Back to handling and while there was significant cornering power when pushing the XC40 hard especially near a painted line in the road, you could feel the steering wheel slightly vibrating or counter steering on its own. Very disconcerting. I couldn’t find a way to turn it off.

Ride quality was good, being smooth as long as the throttle isn’t more than half way down and then noise will intercede. It rides very smooth and takes bumps very well.  There is no wind and little road noise.

Safety is almost overdone. Yes, it has every acronym and safety feature known to man and Martians alike. But sometimes intervene too early. Brakes are powerful except for the brake hold feature then they are too powerful. LED Headlights are excellent.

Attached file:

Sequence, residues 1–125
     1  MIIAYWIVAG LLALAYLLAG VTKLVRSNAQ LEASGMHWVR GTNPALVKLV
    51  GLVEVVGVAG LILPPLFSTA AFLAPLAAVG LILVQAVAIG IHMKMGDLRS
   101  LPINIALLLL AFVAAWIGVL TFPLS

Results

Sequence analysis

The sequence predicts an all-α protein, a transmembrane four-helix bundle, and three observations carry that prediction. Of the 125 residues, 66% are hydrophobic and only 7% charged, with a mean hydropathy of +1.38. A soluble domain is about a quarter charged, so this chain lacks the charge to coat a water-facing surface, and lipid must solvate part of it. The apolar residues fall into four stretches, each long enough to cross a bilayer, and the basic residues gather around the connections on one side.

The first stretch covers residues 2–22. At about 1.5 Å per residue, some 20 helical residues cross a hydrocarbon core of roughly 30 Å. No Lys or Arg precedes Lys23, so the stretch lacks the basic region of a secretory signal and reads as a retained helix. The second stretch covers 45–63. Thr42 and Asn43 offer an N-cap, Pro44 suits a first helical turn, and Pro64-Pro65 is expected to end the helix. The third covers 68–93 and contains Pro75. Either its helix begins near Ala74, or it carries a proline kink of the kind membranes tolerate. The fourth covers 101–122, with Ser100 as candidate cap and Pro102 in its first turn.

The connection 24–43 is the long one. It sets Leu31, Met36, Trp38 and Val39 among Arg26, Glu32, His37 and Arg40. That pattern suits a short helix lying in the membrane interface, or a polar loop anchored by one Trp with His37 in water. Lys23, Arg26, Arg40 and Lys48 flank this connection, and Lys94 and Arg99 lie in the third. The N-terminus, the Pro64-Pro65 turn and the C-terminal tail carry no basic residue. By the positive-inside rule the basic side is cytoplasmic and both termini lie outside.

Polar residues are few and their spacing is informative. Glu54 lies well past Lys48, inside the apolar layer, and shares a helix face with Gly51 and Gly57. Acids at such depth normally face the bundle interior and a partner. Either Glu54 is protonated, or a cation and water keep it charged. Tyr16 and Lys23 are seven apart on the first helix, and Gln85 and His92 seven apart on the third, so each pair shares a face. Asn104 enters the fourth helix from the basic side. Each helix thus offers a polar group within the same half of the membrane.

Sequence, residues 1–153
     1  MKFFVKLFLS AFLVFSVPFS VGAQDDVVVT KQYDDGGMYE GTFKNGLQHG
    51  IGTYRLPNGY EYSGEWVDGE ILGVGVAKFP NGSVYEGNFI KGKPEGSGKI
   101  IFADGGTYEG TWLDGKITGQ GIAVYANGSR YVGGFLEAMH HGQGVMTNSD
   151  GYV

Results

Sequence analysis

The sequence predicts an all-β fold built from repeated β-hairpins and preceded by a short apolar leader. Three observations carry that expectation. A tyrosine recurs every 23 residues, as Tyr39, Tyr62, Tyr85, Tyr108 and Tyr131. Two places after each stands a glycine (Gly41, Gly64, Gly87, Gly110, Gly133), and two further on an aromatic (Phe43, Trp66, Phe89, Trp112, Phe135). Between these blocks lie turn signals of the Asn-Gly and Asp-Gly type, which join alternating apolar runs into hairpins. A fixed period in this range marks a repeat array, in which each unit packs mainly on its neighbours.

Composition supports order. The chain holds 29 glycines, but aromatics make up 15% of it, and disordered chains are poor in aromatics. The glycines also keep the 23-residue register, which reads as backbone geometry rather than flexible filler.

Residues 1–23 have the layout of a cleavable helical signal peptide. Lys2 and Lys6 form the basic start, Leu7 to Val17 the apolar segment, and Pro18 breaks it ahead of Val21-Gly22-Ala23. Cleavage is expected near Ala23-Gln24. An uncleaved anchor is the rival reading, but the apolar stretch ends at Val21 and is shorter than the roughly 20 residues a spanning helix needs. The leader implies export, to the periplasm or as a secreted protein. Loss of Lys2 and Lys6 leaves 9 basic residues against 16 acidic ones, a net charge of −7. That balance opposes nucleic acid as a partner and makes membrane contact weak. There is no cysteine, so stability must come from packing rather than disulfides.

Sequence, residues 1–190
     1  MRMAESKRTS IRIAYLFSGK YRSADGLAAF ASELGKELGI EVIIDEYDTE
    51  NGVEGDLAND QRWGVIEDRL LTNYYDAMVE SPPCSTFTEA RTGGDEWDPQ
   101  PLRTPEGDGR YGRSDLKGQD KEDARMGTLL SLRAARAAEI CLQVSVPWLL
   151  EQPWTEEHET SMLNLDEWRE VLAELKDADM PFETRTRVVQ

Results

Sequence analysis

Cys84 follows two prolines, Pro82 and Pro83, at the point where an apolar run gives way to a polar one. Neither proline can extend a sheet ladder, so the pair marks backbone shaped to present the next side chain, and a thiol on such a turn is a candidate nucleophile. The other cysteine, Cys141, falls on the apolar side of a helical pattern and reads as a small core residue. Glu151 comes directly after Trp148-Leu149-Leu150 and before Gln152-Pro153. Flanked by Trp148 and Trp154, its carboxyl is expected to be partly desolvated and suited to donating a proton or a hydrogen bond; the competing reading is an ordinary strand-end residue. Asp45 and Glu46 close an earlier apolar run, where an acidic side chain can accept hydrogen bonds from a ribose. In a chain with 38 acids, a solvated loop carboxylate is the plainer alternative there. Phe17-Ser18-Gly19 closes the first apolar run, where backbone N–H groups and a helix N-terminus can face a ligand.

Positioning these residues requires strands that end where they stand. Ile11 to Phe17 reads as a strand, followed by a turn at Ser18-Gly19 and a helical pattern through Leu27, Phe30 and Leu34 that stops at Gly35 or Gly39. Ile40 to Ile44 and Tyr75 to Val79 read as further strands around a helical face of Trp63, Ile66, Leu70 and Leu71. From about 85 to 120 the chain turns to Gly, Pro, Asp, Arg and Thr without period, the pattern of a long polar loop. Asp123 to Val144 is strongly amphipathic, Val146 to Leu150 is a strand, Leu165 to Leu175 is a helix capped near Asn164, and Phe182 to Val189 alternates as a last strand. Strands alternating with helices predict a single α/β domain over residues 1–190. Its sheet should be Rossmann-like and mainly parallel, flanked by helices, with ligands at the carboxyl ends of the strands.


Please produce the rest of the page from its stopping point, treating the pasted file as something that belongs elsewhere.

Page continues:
Inside is a different Volvo interior. Always of the highest quality and best leathers, my tester looked like the San Francisco Giants with its Nappa black leather super comfortable seats and bright orange/reddish carpet. Instrumentation is all electronic with a big speedo and tach, but in Volvo’s effort to be different, the trip computer is in the lower part of the tach and needs to be activated with a button push on the steering wheel. Other wise only average fuel econ is displayed. I prefer more info.

Rear seating is comfortable with good room, but while the cargo space appears very large the numbers provided by Volvo aren’t at 47 cubes behind the first row and about 21 cubes behind the second row. It might be due to Volvo’s measuring system. Fuel capacity is also small at 14.25 gallons.

Pricing for the T5 AD R-Design $37,700 plus $995 for boat from Europe. Three packages and some other options drove the Monroney to $45,340.  Enough said, too much electronic intervention hurts an otherwise outstanding design.

Larry Weitzman has been into cars since he was 5 years old. At 8 he could recite from memory the hp of every car made in the U.S. He has put in thousands of laps on racetracks all over the Western United States.